Tokenizing Debt on the Blockchain

The ethereum developer uses ERC-20 and ERC-721 to create digital assets on the blockchain. These tokens define how the users can transfer the ownership of compliant digital assets. The common interface for transferring the ownership of these digital assets is powerful. The inclusion of a few optional pieces of data has proven that namely, token name, symbol, and the number of decimals. Incorporating this extra information into the standard makes the information more helpful and informative.

One of the popular protocols that take advantage of the ERC20 token standard is a protocol that facilitates the decentralized exchange that has the tokenized assets on the Ethereum blockchain. This protocol allows the users to atomically swap x number of W tokens for y number of Z tokens. Here the swap is executed by a smart contract immediately — there is no risk whether one party transfers their ownership of tokens while the other party does not reciprocate and it allows for trustless to exchange the tokenized assets. For simple transactions like purchasing a coffee from Starbucks, there is a period when one party has yet to fulfill the side of the agreement; here the party is in debt.

Of course, one of the most obvious issues is that a Starbucks coffee does not exist on the blockchain, but let’s ignore it. We would still not be able to represent this transaction because here the transaction is not an atomic swap of two assets. Instead of swapping $4 for one cup of coffee, the purchaser is swapping $4 for the cup of coffee in a few minutes. Admittedly, just because the 0x protocol couldn’t easily facilitate this transaction doesn’t mean we could not represent this transaction on the blockchain — Starbucks could develop their smart contract to facilitate this transaction. However, we might also want to buy coffee from Dunkin Donuts and Saxbys, so they each could implement their smart contracts as well. I can now buy a coffee from each of these stores using the Ethereum blockchain!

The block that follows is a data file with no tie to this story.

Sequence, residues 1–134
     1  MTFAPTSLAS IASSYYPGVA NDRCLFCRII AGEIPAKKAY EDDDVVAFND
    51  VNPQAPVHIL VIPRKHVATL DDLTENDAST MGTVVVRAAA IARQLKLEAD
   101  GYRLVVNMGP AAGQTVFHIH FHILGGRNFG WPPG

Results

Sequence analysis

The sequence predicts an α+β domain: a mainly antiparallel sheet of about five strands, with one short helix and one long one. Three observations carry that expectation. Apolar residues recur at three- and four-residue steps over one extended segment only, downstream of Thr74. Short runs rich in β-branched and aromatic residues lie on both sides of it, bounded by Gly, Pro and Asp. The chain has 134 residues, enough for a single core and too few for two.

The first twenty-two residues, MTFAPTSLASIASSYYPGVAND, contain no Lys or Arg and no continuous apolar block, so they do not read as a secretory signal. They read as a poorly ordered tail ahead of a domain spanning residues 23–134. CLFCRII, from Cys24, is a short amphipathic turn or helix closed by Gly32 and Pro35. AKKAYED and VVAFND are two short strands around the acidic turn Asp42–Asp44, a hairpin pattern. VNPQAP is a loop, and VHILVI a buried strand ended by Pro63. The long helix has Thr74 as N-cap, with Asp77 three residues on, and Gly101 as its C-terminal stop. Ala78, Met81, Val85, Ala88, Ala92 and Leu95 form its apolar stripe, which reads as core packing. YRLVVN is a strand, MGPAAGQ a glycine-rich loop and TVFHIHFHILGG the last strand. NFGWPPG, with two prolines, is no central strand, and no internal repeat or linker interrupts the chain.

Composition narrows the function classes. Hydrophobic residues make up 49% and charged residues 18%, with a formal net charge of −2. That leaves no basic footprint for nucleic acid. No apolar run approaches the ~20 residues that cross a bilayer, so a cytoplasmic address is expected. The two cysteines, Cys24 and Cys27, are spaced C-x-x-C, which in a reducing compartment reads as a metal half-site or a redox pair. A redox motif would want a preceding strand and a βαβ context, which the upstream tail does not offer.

Unfortunately, these ad hoc implementations of similar transactions lead to debt and are not interoperable. Unlike ERC20 tokens, which have the same methods to transfer their ownership, these individual implementations of debt on the blockchain would not have to be a shared set. Here we would not see the creation of protocols that are like an 0x.

It might not be immediately obvious then why we would need a protocol like 0x. I purchase a coffee and receive it a few minutes later. There are many common secondary uses of debt and it is impossible to recreate the blockchain.

I debt standard as an optional supplement to the ERC721 token. This is just like the name, symbol and decimal are optional supplements to the ERC20 token standard. The Debt defines a common interface that is implemented by ERC721 token smart contracts deployed as a registry of debt. By providing this common debt standard, individuals and their applications will be able to gain insight into the debt that each token represents systematically. This allows the creation of financial management tools that can be used to manage all forms of debt across the Ethereum blockchain.

The existing ERC 721 token is inadequate for representing debt on the blockchain because, although it does provide a standard for transferring their ownership of unique tokens, the standard does not include common basic functionality. Importantly, the ERC 721 token standard does not have a standard for associating the value of debt with each token. Because all forms of debt have a value, it is beneficial to the Ethereum community to agree on a set of basic functions to interact with the value here each debt is worthy.

The adoption of the debt standard will break down all the walls of the silos that are currently under construction and allow for the secondary markets to exist that are accessible to all the debt on the Ethereum blockchain, which is regardless of what platform facilitated its creation.




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